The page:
- Feminine products (ladies only): Maybe it’s just me, but I’ve played this hero many times. It’s really simple, travel with extra feminine products on you and someone in need will ask for them.
- An Ink pen: Even in this day of electronic communication there are still times when someone will need an ink pen. This is usually to fill out a form (or do something else involving paper). Surprisingly few people carry pens on them anymore. Be the person that has one.
What items have you used to serve a dame or damsel in distress?
These days, our lives are more scheduled than ever. But sometimes we find ourselves with unexpected free time. For example, I drove 40 minutes into my office on Saturday (my day off) to catch up on things that weren’t getting my attention during the week. If I’m being honest, it was hard to give up my Saturday morning in favor of my work routine. It got even harder when I arrived at work and a technology issue prevented me from gaining access to my office floor. But I decided to keep trying and not let the badge reader defeat me. I called building security and waited over an hour for them to work on the issue. They eventually “suggested” that I go back home. It would take them several hours to fix the problem.
My story is not unique. Unexpected free time often presents itself as a problem at first. Maybe you tried to drive into work, but your car had a flat tire. Maybe you planned to go to your daughter’s soccer tournament, but it was cancelled because of rain. Or maybe you went to get a new driver’s license and saw that the wait was several hours long.
Welcome to unexpected free time.
What often limits our service to those we love is a lack of free time. Not just a lack of time to do things for loved ones, but often we don’t even have the time to think about what they might need. This is why unexpected free time is such a great opportunity. Here’s one easy way you can put this rare free time to good use.
Serving with your cell phone
- Take out your cell phone and go through the list of your 25 most recent texts.
- Look at the names there. These will likely be a large portion of the people you interact with most often and care the most about. Granted some family and friends won’t have cell phone or maybe they don’t text, but this is a good list to start with.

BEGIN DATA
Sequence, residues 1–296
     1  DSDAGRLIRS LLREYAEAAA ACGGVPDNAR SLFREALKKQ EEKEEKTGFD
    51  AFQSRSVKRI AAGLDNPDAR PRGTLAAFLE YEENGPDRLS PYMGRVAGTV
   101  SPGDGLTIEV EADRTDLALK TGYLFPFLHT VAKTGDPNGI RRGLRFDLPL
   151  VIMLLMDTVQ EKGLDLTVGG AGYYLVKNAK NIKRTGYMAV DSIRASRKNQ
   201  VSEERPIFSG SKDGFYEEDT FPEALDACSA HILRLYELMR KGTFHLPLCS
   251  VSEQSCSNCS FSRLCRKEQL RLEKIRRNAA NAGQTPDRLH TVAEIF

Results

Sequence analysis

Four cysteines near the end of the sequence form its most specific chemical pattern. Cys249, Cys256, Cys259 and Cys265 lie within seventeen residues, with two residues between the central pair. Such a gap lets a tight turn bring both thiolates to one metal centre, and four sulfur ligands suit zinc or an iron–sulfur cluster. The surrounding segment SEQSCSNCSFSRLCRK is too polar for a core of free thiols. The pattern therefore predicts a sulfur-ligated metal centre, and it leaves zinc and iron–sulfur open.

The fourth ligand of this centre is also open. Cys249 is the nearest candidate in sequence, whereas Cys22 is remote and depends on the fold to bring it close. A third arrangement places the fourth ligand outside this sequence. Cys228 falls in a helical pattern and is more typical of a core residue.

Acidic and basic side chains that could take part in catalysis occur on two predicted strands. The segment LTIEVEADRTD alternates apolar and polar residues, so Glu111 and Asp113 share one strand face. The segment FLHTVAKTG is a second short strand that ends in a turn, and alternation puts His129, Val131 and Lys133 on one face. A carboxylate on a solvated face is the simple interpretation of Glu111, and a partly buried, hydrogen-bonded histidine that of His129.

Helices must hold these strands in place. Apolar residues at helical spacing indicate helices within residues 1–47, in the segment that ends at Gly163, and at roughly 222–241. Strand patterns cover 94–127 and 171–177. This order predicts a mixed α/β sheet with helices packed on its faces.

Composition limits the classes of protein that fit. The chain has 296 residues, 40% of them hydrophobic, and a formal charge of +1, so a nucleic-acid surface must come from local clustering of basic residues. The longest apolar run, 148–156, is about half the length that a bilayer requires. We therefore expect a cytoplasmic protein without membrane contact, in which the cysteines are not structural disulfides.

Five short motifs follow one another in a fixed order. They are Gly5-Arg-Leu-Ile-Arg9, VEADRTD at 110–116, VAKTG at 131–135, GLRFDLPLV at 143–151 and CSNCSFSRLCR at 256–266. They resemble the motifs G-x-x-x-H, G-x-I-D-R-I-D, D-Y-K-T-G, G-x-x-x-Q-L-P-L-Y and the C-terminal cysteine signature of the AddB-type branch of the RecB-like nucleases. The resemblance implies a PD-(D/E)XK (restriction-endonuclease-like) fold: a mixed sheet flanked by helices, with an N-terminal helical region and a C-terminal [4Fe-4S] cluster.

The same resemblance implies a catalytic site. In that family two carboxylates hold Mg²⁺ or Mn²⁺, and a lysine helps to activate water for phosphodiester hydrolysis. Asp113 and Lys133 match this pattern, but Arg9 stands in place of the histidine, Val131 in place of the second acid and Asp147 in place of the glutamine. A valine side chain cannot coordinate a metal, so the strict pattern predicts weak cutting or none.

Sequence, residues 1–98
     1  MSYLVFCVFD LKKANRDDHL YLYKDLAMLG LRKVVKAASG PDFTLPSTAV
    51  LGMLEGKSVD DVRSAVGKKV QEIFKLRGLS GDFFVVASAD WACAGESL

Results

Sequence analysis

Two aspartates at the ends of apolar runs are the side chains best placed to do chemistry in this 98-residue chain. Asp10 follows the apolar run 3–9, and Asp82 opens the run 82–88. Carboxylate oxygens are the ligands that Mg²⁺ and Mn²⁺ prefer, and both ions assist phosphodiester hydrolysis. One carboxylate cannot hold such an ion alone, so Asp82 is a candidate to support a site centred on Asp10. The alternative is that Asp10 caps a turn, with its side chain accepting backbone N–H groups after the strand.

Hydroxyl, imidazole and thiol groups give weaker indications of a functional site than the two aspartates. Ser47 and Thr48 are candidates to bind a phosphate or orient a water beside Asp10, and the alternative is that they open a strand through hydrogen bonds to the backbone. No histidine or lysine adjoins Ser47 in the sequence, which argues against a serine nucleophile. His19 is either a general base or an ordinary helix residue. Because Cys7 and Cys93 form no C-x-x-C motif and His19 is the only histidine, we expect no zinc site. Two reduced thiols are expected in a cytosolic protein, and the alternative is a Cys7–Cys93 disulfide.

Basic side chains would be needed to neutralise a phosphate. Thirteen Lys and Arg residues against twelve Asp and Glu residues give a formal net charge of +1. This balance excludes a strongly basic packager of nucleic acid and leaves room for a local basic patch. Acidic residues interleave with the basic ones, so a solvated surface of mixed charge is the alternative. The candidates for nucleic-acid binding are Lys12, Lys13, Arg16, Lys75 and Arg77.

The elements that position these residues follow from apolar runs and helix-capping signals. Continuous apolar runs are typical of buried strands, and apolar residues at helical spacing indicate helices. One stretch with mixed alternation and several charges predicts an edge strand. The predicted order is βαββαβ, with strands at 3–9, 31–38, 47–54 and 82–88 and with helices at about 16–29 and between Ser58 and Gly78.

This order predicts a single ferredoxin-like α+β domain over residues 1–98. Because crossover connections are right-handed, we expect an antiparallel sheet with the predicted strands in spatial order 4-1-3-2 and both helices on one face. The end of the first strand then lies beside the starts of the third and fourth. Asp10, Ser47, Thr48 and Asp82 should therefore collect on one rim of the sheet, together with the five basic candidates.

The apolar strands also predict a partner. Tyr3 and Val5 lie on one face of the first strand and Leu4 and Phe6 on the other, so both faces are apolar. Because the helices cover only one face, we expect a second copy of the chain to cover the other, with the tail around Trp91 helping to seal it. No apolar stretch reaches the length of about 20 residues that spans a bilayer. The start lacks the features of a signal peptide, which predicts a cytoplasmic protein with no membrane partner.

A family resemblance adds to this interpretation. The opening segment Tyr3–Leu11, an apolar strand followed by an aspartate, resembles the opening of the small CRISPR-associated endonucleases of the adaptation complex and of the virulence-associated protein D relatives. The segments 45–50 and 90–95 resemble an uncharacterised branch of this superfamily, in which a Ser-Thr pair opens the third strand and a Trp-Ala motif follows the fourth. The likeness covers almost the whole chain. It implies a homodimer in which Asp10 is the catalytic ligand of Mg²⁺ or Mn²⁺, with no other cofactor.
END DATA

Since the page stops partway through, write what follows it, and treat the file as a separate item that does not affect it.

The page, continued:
- As you pass each name, stop for 30 seconds and consider that person for a moment. What’s going on in their lives? What could they use encouragement on? How will this message serve them?
- Send them a two to three line text. DO NOT copy and paste messages or mass text recipients. Each message should be custom and serve the recipients unique needs.
- Hit send and move to the next name on the list.
Each person should get roughly 2-3 minutes of your attention. If you don’t have the time to do everyone simply wait until your next unexpected free time comes up. And it will come up.
How do you use your cell phone to serve?
Imagine yourself arriving at work in the morning.
All your coworkers are also at work today, but nobody says good morning or makes morning small talk.
You go directly to your work space.
You turn on your computer and get straight to work.
You respond to emails. You answer work related calls. You work on reports or write code or do some other independent tasks for several hours.
You may run out for lunch. You stand in line with strangers while getting your food. You use that time to read email that has come in since you left your desk. You get your food and return to your office. You eat your food in the office kitchen alone.
You join a few more conference calls. After two minutes of conversation about the weather in your locations all the team members have joined the call and you jump into the purpose of the meeting. You discuss the things they need from you and the things you need from them.
You watch the clock for a reasonable time to disconnect from those you need to be accessible to. When you shut down for the day you walk out of the office without anyone saying goodbye.
Then you continue to live this same workday over and over and over again.
Welcome to the world of working from home. And it’s not for the faint of heart. Yes, working from home definitely has its perks but for many people it can be lonely. The story above is the daily emotional experience for some people that work at home. They get up. They may or may not get dressed and proceed to live this day of transactional human contact again and again.
Building strong personal relationships with virtual workers definitely serves them, but it may also serve you. Employees that are more engaged with coworkers tend to produce stronger work products and are more committed to a shared mission. If you or someone you know works with a virtual team member feel free to pass these ideas along.
Being a Real Life Coworker to a Virtual Team Member
- Say good morning and good night even if through email. You don’t have to do this every day. Actually, I recommend you don’t do it every day. If you do, it might feel more like you’re checking up on your virtual colleague. But doing it every now and then acknowledges that you are jumping into the day together and that they are worth thinking about even when you don’t need anything.
- Make time to talk on the phone with no agenda. Every time you speak to them you shouldn’t have a work agenda. In a real life work environment, you pass people on the way to the bathroom or hang out in their office to take a break. Every conversation with a virtual coworker should not be about accomplishing something.
- Don’t forget to celebrate. Schedule virtual office parties. These are times when one of more people get on the phone (or video) and celebrate alone, but together. You can ship treats or make it BYOC (Bring Your Own Cake), but make sure you’re both doing the same thing (e.g. eating cake) at the same time. Then simply discuss the happy event (birthday, wedding, new baby, finished project, etc) as if you were all in a conference room together.
- Take the time to know them. If you work with this person regularly (and especially if they work for you), make a point to know the answers to these basic but sometimes overlooked questions.